In the year 954, the Augsburg bishop is said to have fled to his castle near Schwabmünchen ( Mänchingen ) in the turmoil before the great Hungarian battle on the Lechfeld in front of the Baiern . This Castellum Mantahinga probably means the Haldenburg, with the former Schwabmünchener Wasserburg Giegenburg there are no references to an early medieval predecessor complex . The episcopal castle withstood the siege by the rebels until relief troops loyal to the king arrived .

The rampart was topographically recorded in 1965 by the Bavarian State Office for Monument Preservation . The castle area can be experienced through a circular path and is equipped with some information boards. The circular route was expanded at the beginning of 2008 and provided with new information boards. Since then, a short branch has led to the small plateau of the Hauptwalles, the dimensions of which are now easier to see again.

In 2001 Roger Mayrock (Kempten) created an artistic reconstruction of a typically larger Hungarian fortress for the Bavarian state exhibition "Bavaria-Hungary a thousand years". The painting is based on the findings and preserved earthworks of the Haldenburg.

The reconstruction also served as a template for the computer animation of a large Hungarian fortress in the first episode of the ten-part ZDF documentary “The Germans” (2008). In the game scene, however, an attack on the royal palace Werla in today's Lower Saxony is shown.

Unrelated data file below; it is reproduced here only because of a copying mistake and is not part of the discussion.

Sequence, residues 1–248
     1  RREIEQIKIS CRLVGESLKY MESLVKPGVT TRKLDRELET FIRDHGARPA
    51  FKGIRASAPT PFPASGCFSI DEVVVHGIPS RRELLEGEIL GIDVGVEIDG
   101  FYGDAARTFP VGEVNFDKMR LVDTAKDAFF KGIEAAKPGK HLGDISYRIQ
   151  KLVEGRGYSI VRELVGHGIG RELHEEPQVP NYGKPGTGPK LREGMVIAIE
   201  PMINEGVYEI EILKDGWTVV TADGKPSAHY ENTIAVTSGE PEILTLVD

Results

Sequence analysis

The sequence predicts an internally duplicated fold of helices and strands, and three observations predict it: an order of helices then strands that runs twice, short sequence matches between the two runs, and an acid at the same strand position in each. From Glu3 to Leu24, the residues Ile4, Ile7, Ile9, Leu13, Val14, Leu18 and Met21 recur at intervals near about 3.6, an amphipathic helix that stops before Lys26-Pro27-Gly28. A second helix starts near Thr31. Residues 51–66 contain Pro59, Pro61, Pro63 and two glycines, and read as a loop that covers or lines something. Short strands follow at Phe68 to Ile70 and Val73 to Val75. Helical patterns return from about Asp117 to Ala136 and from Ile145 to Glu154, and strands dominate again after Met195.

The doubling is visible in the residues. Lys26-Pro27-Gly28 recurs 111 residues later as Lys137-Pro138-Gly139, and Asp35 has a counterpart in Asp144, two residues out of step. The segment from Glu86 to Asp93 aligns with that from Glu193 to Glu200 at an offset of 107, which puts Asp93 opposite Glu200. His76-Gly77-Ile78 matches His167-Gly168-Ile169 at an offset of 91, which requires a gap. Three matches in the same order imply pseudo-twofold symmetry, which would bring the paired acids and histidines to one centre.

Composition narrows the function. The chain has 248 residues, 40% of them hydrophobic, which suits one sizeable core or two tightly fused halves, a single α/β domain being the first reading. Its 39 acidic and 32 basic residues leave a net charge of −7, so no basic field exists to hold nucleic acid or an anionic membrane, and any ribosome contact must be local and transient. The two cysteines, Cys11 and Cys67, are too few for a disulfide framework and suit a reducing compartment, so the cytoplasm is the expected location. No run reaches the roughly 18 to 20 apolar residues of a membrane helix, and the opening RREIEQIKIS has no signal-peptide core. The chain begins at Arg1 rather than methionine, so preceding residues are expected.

Information board on the outer bailey
The main wall of the outer bailey to the north
The rampart of the outer bailey to the east

The large, three-part castle complex consists of the egg-shaped main castle (105 × 90 meters), which is separated from the roughly rectangular outer bailey (130 and 100 × 75 meters) by the mighty main wall and the neck ditch (height difference between the bottom of the trench and the wall crown about thirteen meters) . South of the outer bailey still a trapezoidal is Vorwerk upstream.

The plateau of the main castle and the high Hungarian Wall are now planted with dense young forest and are largely inaccessible. Only the extensive outer bailey is easily accessible and visible, with its wall about nine meters high on the outside, which rises about three to four meters above ground level on the inside. Behind the upstream Spitzgraben the long, low earth ribs of the former rider approach obstacles have been preserved. These earthworks will be cut through by a later second trench, only about two meters deep.